As a cognitive tool, story structuring shapes experience and knowledge into forms that establish their emotional meaning, helping us understand how to feel about events. If we were to tell you about a generous and skilled doctor, and add, "It was a hot day, and the doctor dived into the water," you might feel a small pleasure for her. But when we add, "The water was crowded with hungry sharks," you might feel some distress. The story could continue with the information that the doctor was trying out a new shark repellant or risking her life to save a child who had fallen into the water. Your feelings would change depending on the subsequent events in the story. In this case, your feelings would be significantly shaped by whether the doctor later had lunch or was lunch.
We continually use story structuring to shape events—to tell our friends about something that happened in the office or an adventure we had on holiday. Telling such narratives is a central human skill that we all have to a greater or lesser degree. To use this tool systematically in teaching, we begin planning a lesson by asking, What's the story on the topic? That is, How can I make the factual content clear and bring out its emotional importance?

Binary Opposites

Bruno Bettelheim (1976) noted that children "bring some order into [their] world by dividing everything into opposites" (p. 74). Binary opposites can provide a first clear orientation to content, as they do in the stories that children find most engaging. Take the Grimm fairy tales (or the evening news!), and you will find under the surface of the story those great opposites of good/bad, brave/cowardly, security/fear, rich/poor, and so on.
Human beings easily divide the world into binary opposites. Such opposites provide our first and clearest grappling tools to grab onto reality; later, we learn to see that these simple opposites are inadequate to describe the complexity of the world. In school, however, we often try to cover topics before providing students with clear grappling hooks to grasp them. We leave the students behind, and they feel resentful that they have no orientation to the content being taught.

Forming Images from Words

As we write this, we occasionally glance out the window of an ochre teahouse, looking down on a Japanese garden, on whose pond we can see three red water lilies. Across the pond is a moss garden, in which gray rocks are embedded at irregular intervals. A stream brings water through stones to a small waterfall that flows into the pond. Goldfish slowly move just below the surface. Whether you like it or not, you will likely have formed some images in response to the previous four sentences (which, unfortunately, are fictional). If you think of the most powerfully memorable events of your life, you will call them to mind very largely in emotionally charged images.
Such images are immensely effective in engaging our imaginations, communicating important information, and helping us retain events, facts, and ideas in memory. Yet, in teacher education programs we spend much time on matters of content and concepts but hardly any time on showing beginning teachers how to search for emotionally charged images in curriculum topics.
All topics in the curriculum have images embedded in them—mathematics no less than history, science no less than the arts. Often those images involve people who had some role in discovering or inventing the knowledge that is being taught. It is much more engaging to learn how Eratosthenes measured the circumference of the earth by using the theorem that alternate interior angles are congruent and measuring the shadow of a stick in a courtyard in Alexandria 2,000 years ago, than simply to learn the theorem and then use it in lots of calculations. And knowing what Pythagoras was up to poking dots in the sand can vividly, meaningfully, and memorably bring to life what his theorem is about. The task for the teacher who hopes to engage reluctant learners (and any kind of learner) is to locate those images and use them to bring the content vividly to life in the students' minds.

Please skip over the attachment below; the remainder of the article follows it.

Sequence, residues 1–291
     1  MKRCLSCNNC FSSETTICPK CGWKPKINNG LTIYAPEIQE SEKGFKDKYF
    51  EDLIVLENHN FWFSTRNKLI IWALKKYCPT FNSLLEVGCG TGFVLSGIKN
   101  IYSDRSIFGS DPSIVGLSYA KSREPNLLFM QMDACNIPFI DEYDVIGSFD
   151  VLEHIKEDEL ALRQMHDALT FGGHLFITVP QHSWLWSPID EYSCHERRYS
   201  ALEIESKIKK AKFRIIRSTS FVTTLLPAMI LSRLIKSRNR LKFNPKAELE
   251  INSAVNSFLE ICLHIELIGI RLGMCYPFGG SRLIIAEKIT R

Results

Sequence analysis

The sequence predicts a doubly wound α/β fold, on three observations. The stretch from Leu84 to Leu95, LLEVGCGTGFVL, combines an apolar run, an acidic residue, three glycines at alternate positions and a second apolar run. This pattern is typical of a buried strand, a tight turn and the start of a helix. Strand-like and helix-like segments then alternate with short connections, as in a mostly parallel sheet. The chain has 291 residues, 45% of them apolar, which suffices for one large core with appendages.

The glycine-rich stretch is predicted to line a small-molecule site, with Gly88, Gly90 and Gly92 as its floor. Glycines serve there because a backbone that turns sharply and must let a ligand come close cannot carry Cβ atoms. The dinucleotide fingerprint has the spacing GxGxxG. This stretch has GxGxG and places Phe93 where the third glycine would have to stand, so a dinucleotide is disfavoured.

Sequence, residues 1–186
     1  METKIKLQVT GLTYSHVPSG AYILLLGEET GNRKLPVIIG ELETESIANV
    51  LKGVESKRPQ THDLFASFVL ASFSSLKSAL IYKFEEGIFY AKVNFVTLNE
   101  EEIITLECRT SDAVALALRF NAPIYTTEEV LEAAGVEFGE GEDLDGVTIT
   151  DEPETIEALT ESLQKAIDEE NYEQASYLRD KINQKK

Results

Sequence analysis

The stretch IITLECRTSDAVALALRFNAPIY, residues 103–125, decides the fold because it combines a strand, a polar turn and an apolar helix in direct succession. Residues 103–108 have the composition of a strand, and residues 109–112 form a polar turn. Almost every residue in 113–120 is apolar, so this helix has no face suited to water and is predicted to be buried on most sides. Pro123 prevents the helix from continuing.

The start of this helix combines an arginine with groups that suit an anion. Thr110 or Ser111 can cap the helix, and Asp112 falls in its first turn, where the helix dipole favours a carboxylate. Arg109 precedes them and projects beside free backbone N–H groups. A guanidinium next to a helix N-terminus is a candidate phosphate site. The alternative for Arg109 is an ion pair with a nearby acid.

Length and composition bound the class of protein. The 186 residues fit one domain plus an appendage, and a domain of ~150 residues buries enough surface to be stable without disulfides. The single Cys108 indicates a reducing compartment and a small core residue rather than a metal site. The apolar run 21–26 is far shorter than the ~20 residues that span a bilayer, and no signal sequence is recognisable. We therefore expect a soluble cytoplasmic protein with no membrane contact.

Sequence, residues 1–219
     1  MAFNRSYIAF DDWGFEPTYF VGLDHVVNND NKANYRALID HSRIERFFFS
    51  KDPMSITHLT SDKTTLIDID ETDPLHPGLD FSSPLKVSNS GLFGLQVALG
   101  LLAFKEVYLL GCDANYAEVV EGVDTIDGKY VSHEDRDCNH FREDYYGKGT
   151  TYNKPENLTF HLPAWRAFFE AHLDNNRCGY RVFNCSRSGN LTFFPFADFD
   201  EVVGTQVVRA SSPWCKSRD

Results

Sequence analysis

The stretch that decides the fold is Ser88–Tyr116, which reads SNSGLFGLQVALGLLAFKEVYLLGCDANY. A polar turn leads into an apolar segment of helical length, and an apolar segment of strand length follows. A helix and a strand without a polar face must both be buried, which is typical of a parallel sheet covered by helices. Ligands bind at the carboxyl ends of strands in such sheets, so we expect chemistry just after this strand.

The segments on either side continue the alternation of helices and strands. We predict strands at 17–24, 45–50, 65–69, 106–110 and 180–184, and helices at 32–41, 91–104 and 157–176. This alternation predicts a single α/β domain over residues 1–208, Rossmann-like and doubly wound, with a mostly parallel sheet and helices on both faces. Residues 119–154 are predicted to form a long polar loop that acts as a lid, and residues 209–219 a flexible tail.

Using Cognitive Tools

Let's look at two examples showing how we can use these three cognitive tools to make common curriculum topics more engaging to reluctant learners' imaginations.

Images of Whales

Consider the typical grade 2 or 3 topic of whales, usually taught in a science unit on mammals. Instead of beginning to plan this unit with objectives, we will begin by asking, How can we bring to the mind the vastness and power of these magnificent animals? What's the story about whales? And on what binary opposites can we build our story? The teacher does not need to be explicit, telling the students that they'll be using a story form and binary opposites. These are rather the shaping devices the teacher can use to animate the content.
For example, the teacher might begin by telling students that the heart of a blue whale is the size of a small car. This mighty heart pumps ponds-full of blood through arteries that are big enough for the students to comfortably crawl through. The tongue of a blue whale is the size of an elephant. The teacher then describes how whales might at that moment be moving in deep oceans:It is night, in a storm, in the middle of the ocean. These mighty beasts are traveling about 15 miles an hour toward a feeding ground off Australia. They rise to the surface, hear the roaring winds and pounding seas, see the lightning flash; then they dive in a pod that communicates through constant clicking that carries great distances, and down they go to calmer waters for 20 minutes, moving steadily onward, after which they emerge into the dark roaring storm to breathe again.